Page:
What has caused "some trepidation" for farmers, Marsh said, is that the legislation would also allow 4a and 4b milk to be sold under "alternative milk marketing agreements" that do not obligate processors to pay farmers the state-regulated minimum prices. This change would also be phased in, but during a 12-month period. Starting in July 2015, handlers would be allowed to market up to 50 percent of their 4a and 4b milk purchases under individual contracts with producers—up to 75 percent by January 2016 and 100 percent by July 2016.

Under the current system, dairy farmers pool their milk and processors pay for it based on the different classes of use. The milk revenues are then distributed equitably among farmers.

But with the proposed change, handlers would be able to keep all 4a and 4b milk, after the transition period, out of the pool, Marsh said, noting that 75 percent to 85 percent of the state's milk goes to 4a and 4b use—to make butter and dried milk powders, and to make cheese and whey protein powders, respectively.

Dairy farmers negotiated a referendum into the final language that allows them to repeal the changes in 2020 if they decide they want to discontinue the program.

Marsh said AB 2730—co-authored by Assemblywoman Susan Eggman, D-Stockton, and state Sen. Cathleen Galgiani, D-Stockton—could potentially provide "a substantial amount of relief" on 4b pricing that farmers have long sought. "The tradeoff to farmers," he said, is that their milk would be allowed to "depool" after they have "enjoyed years of relative protection of the pool, have seen the value of milk in California grow from $400 million a year to almost $8 billion a year at the farm gate."

The Milk Producers Council announced its support for the bill, saying that it "sees significant progress represented in the proposal." The Dairy Institute of California, which represents dairy processors, remained neutral.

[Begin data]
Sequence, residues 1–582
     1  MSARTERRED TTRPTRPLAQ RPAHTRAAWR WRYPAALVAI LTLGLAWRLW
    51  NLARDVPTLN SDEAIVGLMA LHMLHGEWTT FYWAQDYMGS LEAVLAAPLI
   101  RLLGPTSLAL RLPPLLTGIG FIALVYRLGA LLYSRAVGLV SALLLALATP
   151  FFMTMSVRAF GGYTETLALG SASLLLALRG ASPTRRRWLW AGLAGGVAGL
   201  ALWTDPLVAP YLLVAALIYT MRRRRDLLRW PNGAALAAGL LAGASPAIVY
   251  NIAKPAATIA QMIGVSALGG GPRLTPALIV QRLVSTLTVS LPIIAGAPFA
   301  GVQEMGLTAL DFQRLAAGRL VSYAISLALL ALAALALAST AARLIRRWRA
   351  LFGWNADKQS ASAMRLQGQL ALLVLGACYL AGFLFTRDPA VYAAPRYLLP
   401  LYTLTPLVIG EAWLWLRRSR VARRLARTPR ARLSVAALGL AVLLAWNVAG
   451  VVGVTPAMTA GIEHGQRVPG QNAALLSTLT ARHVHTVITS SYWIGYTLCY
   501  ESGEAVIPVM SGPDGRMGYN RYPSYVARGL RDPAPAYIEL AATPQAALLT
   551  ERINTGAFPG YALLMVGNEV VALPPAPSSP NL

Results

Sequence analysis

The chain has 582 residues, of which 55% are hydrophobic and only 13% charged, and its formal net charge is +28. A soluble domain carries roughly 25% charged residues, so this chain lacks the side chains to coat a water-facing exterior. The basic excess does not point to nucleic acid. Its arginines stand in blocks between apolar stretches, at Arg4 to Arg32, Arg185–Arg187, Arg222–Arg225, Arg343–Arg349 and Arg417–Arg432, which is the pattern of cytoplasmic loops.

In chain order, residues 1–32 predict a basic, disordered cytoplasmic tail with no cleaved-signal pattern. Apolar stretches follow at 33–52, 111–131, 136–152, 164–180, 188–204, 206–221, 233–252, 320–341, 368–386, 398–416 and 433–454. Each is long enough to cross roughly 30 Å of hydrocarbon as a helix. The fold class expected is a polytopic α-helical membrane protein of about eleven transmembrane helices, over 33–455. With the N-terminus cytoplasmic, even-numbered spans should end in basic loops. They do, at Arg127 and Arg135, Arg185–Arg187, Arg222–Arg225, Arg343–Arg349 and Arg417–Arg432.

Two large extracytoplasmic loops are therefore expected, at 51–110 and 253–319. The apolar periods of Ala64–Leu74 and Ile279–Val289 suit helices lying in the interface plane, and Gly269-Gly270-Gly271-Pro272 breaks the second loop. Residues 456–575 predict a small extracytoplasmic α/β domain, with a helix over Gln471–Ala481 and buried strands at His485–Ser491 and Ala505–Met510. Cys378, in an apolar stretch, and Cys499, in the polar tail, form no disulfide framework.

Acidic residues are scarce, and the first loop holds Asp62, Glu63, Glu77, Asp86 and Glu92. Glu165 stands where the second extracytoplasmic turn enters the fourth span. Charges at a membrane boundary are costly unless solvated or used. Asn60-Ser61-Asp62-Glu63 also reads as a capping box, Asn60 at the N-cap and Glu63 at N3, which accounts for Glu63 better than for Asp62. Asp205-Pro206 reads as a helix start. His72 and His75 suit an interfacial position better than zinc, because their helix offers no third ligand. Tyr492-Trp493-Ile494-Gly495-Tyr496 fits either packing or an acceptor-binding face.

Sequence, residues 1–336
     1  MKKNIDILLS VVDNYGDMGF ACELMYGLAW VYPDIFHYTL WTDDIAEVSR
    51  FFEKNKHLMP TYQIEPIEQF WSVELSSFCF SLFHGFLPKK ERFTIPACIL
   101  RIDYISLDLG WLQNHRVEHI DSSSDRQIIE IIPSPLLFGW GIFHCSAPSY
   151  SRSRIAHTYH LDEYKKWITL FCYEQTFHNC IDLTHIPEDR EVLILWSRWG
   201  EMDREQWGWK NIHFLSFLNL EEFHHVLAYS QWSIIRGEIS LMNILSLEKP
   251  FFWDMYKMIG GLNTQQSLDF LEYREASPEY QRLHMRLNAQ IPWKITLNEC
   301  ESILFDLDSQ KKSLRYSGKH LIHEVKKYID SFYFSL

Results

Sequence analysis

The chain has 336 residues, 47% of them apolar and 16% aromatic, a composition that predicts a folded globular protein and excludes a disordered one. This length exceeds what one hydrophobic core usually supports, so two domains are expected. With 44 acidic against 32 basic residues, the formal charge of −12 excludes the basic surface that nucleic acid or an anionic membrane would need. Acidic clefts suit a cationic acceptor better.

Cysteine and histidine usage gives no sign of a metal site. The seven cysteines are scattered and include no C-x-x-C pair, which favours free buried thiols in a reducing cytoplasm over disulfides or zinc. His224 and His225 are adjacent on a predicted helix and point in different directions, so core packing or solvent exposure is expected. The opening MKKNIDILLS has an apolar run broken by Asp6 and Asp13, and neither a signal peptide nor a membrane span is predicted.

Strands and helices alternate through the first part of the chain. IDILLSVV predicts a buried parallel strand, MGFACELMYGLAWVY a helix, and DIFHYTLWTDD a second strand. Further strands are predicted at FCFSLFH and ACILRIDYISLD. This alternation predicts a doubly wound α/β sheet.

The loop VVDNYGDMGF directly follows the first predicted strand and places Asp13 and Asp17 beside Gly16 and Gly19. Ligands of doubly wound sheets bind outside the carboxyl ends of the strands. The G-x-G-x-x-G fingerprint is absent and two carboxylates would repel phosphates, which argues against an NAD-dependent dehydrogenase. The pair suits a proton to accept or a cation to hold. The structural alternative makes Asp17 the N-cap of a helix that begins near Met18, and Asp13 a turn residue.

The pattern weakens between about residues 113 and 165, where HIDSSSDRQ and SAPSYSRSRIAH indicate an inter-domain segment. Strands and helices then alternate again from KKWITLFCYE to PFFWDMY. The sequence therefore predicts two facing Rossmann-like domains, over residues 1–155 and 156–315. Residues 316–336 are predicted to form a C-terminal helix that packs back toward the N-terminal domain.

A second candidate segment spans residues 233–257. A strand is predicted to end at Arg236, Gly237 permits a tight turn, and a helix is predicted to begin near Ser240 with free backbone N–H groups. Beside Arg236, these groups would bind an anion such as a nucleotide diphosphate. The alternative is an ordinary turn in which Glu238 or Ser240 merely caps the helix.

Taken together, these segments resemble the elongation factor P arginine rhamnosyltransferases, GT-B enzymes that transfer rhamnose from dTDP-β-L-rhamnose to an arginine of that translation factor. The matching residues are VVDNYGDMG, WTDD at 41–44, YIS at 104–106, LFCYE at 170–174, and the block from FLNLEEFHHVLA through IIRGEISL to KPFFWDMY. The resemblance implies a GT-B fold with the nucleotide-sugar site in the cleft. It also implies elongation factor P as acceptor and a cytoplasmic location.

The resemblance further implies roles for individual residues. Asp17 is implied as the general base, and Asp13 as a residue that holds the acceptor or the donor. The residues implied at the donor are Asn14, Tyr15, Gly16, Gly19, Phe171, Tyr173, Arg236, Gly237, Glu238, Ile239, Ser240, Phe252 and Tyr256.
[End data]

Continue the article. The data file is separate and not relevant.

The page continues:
As of our deadline on Monday, California Dairies Inc., the state's largest dairy cooperative, had not announced its position. The state's two other dairy cooperatives, Dairy Farmers of America-Western Area and Land O'Lakes, oppose the bill, as does the California Dairy Campaign.

Dennis Rodenbaugh, senior vice president and chief operating officer of DFA-Western Area, said the bill lacks analysis "and contains so little detail that it would be impossible to reasonably conclude that it offers beneficial results."

Lynne McBride, executive director of California Dairy Campaign, said AB 2730 would deregulate the largest class of milk in the state and shift more risk to producers. She said her group also objected to the way in which the legislation came together, adding that proposed changes of this magnitude should be put to a vote by farmers to allow more input and consensus.

"Milk prices are relatively high right now, but when prices aren't, dairy producers really rely on the pooling system and the minimum pricing system, and to take it away in such a sweeping fashion in a bill rushed through the Legislature in the final hours is really concerning to us," McBride said.

(Ching Lee is an assistant editor of Ag Alert. She may be contacted at

Permission for use is granted, however, credit must be made to the California Farm Bureau Federation when reprinting this item.

Special Reports



Special Issues

Special Sections